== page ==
L.A. Noire promised much: an authentic recreation of 1940s Los Angeles, a detective story in the L.A. Confidential mould and faces so good you could tell when the characters were lying. Its launch was met with millions of sales and impressive review scores - but at what cost to publisher Rockstar, developer Team Bondi, and its controversial creator Brendan McNamara?
The controversial L.A. Noire developer faces the music in this frank new interview.
Brendan McNamara begins his Bradford Animation Festival 2011 presentation with a story. His first visit to Yorkshire was to Huddersfield as a much younger man, playing for a north London cricket team. He batted first - not McNamara's speciality, as he's more of a bowling man. As the bowler ran in, he put his foot forward to the pitch of the ball and tried to whack it as hard as he could, just as he'd been taught as a schoolboy.
"Hopefully I'll have something to announce pretty soon."
Brendan McNamara, founder of now shuttered developer Team Bondi and writer and director of L.A. Noire, is making the video game of what he describes as "one of the great untold stories of the 20th Century".
New Call of Duty: Black Ops map pack Annihilation headlines this week's massive PlayStation Store update.
Xbox 360 owners have had it exclusively for the past month. Available from tomorrow on PS3, its five new maps will cost you £11.49.
Looking for something a bit cheaper? Sony's massive summer sale reaches Europe this week, with more than 30 downloadable titles discounted over the next seven days. Highlights include Popcap's Peggle, Hothead's Swarm and Telltale's Sam & Max and Back to the Future.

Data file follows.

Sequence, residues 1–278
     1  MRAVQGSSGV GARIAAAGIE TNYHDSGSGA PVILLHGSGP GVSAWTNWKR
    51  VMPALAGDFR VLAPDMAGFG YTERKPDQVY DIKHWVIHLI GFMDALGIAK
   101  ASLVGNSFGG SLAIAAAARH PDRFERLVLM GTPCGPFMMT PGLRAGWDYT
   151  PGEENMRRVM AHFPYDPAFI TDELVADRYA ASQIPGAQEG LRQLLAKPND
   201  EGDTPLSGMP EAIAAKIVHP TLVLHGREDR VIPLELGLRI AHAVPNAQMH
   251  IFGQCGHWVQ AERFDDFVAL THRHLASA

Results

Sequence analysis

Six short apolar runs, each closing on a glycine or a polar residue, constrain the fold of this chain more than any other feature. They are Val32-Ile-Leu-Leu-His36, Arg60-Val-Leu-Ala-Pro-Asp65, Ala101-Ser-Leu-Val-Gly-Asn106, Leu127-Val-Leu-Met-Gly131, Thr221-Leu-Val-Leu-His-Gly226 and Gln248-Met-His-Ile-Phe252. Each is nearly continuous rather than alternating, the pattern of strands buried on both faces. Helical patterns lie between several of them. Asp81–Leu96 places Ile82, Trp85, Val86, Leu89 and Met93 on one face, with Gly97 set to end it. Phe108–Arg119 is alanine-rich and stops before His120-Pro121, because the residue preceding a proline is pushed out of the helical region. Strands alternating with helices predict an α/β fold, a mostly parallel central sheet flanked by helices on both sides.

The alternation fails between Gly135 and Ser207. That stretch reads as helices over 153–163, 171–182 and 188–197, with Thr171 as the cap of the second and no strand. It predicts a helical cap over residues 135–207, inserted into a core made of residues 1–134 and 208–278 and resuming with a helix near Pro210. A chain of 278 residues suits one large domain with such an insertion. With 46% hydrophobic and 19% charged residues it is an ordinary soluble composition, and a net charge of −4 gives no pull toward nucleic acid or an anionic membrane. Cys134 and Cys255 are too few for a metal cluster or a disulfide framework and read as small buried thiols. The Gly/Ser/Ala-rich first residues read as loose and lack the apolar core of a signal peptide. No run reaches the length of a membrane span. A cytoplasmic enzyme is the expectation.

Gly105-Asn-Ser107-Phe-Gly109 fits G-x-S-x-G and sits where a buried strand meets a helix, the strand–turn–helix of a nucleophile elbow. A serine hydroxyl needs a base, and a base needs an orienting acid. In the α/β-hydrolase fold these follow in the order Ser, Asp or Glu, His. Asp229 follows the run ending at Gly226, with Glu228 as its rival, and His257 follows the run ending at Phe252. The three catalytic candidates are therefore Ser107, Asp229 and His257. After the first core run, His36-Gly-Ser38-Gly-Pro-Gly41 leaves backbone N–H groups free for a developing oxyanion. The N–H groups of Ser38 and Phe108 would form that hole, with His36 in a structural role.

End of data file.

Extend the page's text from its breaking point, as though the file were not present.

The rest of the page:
Brothers Sam and Dan Houser, the founders of Grand Theft Auto maker Rockstar, have climbed The Guardian's annual list of the 100 "most powerful people in television, radio, newspapers, magazines, digital media, media business, advertising, marketing and PR".
It's a quiet week for the PlayStation Store. Sony's Welcome Back offer has ended and the company has now caught up with the backlog left by the PSN downtime.
There are no new PS3 or PSP games to download, but a few decent dollops of DLC.
A day after its launch on Xbox 360, PS3 owners can now investigate Rockstar's final L.A. Noire episode. The Reefer Madness vice case pits Cole Phelps against a city-wide dope ring and is free for those who own the Rockstar Pass.
Let's put it this way: I've seen Harry Potter and the Deathly Hallows Part 2. And I nearly cried. The film wastes no time getting to business - there's a bloody war going on. Potter 7 Part 2 packs a whole trunk of crash, bang, wallop. Perfect fodder for a video game. Only, don't expect the official Harry Potter and the Deathly Hallows Part 2 game to Wingardium Leviosa above the usual turgid memorabilia tie-in fare. We'd be Stupefied if it did.
The Team Bondi revelations shock few in the industry and that is a shameful thing.
Published as part of our sister-site GamesIndustry.biz's widely-read weekly newsletter, the GamesIndustry.biz Editorial, is a weekly dissection of an issue weighing on the minds of the people at the top of the games business. It appears on Eurogamer after it goes out to GI.biz newsletter subscribers.
Two former Bondi staffers, speaking to Eurogamer sister site Gamesindustry.biz under condition of anonymity, claim Rockstar's relationship with Team Bondi reached such a low point during the course of the creation of 1940s crime adventure L.A. Noire that it now has "disdain" for the Australian developer.
Nicholson Electroplating is like an extra spleen that's been cloned from the stem cells of L.A. Noire and grafted onto its armpit. Sure, it's a mighty fine spleen and all, but if you're just gonna stick it on there, don't be surprised when it fails to come alive.
L.A. Noire is an organism; it can't be broken up into modules. That's what makes L.A. Noire so special, and Nicholson Electroplating so not.